Jenkintown Doctor Who Targeted Living to 100 Succumbs Prior to the Milestone
Jenkintown physician Henry Litvin passed at age 99, reported Gary Miles in The Philadelphia Inquirer.
Litvin was born in the Wynnefield section of West Philadelphia.
He graduated from Overbrook High School, obtained his bachelor’s degree from the University of Pennsylvania, and earned a doctorate from what is now the Perelman School of Medicine.
He joined the Navy Reserve and served in the Korean War as an infantry battalion medical officer for the U.S. Marines. For his combat action, he was awarded the Legion of Merit Medal.
But despite the accolade for it, the wartime experience left its mark: Litvin experienced long-term hearing loss and emotional difficulties.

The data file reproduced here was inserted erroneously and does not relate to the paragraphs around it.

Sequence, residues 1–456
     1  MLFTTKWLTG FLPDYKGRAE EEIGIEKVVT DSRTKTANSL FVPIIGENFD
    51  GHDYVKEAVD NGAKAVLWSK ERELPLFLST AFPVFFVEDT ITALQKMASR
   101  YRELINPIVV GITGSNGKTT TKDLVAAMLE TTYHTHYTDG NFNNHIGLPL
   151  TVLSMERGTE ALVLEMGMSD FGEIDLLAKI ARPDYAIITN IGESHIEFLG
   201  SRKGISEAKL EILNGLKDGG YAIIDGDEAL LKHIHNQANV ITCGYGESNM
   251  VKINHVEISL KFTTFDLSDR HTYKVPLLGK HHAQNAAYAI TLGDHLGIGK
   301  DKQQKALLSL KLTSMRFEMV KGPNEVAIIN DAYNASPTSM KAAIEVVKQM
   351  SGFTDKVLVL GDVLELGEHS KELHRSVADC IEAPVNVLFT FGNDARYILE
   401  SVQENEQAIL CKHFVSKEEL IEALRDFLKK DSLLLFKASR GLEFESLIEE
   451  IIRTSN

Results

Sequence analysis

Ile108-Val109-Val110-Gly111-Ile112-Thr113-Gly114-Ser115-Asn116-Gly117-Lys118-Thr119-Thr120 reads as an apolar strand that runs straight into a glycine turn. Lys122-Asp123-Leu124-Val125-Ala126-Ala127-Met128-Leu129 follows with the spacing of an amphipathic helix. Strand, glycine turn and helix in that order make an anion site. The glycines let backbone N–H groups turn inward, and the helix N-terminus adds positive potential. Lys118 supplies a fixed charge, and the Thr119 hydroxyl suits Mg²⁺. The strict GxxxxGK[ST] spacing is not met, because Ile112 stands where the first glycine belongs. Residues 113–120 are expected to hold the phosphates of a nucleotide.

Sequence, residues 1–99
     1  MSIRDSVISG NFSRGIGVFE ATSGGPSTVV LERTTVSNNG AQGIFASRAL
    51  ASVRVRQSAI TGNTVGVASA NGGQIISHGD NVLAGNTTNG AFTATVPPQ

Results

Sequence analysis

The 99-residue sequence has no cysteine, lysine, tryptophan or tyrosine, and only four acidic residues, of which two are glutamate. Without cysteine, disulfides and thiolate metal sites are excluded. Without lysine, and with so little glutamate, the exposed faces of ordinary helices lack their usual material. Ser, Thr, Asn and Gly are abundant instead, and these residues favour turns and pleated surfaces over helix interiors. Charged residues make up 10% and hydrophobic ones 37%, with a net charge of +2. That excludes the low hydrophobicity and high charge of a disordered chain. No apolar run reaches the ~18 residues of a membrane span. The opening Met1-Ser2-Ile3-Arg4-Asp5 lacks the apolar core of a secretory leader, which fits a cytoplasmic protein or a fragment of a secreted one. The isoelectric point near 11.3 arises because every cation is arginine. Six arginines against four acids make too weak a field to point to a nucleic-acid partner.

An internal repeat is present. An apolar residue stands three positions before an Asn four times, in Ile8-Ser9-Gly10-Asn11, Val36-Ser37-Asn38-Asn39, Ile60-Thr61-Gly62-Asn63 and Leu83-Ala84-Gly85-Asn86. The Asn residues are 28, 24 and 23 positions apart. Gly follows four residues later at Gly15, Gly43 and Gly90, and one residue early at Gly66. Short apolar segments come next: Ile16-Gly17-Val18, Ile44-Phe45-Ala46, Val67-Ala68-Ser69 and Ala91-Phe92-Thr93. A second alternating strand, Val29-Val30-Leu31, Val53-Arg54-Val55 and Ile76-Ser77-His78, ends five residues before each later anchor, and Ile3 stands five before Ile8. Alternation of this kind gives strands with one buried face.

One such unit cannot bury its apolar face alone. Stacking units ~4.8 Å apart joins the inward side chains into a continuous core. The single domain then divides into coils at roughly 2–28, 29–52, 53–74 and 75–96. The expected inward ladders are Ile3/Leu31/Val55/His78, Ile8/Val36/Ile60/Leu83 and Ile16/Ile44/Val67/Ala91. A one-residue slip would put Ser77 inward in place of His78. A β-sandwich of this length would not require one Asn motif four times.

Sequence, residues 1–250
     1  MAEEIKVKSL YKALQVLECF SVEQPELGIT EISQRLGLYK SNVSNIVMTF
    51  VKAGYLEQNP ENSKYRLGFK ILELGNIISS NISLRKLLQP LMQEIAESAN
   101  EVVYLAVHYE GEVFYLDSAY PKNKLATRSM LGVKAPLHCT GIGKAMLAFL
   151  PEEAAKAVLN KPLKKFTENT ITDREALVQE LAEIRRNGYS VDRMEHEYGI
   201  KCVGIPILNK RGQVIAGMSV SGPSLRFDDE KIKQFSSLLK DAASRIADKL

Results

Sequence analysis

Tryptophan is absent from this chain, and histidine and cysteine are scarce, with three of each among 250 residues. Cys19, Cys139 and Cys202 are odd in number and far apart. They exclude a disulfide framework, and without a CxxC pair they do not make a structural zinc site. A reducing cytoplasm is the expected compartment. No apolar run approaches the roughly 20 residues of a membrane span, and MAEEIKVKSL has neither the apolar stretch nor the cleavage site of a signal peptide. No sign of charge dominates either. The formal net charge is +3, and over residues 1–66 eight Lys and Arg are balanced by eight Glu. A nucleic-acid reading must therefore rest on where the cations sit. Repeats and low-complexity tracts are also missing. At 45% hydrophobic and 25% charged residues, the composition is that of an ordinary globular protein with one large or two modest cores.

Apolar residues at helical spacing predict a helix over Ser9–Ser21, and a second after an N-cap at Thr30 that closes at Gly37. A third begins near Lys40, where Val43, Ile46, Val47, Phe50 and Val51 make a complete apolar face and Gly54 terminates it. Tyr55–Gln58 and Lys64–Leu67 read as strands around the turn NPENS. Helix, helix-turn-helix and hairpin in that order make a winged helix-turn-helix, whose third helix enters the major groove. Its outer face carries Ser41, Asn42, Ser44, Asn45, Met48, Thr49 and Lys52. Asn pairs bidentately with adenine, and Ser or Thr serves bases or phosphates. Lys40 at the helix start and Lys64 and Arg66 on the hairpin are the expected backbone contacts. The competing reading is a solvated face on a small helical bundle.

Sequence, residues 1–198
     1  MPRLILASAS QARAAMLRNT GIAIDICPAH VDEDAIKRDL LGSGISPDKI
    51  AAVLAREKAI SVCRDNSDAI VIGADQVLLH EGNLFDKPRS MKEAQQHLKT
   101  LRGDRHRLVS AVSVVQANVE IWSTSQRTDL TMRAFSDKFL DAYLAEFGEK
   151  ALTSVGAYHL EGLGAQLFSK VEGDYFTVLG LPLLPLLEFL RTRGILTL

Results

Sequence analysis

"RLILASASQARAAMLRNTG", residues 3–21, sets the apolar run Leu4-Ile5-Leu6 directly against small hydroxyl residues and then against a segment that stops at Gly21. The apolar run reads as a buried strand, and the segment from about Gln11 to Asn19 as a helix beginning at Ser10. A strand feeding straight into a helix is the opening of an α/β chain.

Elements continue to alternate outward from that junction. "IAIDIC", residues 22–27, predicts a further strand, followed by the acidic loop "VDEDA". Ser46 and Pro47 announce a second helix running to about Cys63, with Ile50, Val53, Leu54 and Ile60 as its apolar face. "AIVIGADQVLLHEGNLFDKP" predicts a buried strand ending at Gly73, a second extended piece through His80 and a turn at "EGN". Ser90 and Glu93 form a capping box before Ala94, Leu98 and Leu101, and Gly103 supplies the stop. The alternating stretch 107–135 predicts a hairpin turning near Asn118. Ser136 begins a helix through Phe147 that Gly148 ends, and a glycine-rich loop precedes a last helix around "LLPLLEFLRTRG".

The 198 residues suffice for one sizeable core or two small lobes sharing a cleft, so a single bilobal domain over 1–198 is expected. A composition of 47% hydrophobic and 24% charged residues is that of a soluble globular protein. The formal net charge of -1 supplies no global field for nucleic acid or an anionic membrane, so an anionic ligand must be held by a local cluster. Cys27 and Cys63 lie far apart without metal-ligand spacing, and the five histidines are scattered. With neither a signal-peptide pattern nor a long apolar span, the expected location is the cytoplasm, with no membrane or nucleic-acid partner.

He married Joanie Meiman — the sister of a house-call patient — in 1953, the same year he entered private practice. Two children followed, as did moves to Levittown and Jenkintown.
In 1969, he joined the staff of Jefferson Abington Hospital; he retired there as psychologist emeritus in 2001.
Litvin, an ardent Philadelphia Eagles fan, told his wife he wanted to live to be 100.
“He was well-rounded and interested in everything. He wanted to always make a contribution and be relevant, and he was,” she commented, reflecting on his loss.
More on Henry Litvin is at The Philadelphia Inquirer.
A video explanation of the Legion of Merit Medal won by Dr. Henry Litvin.
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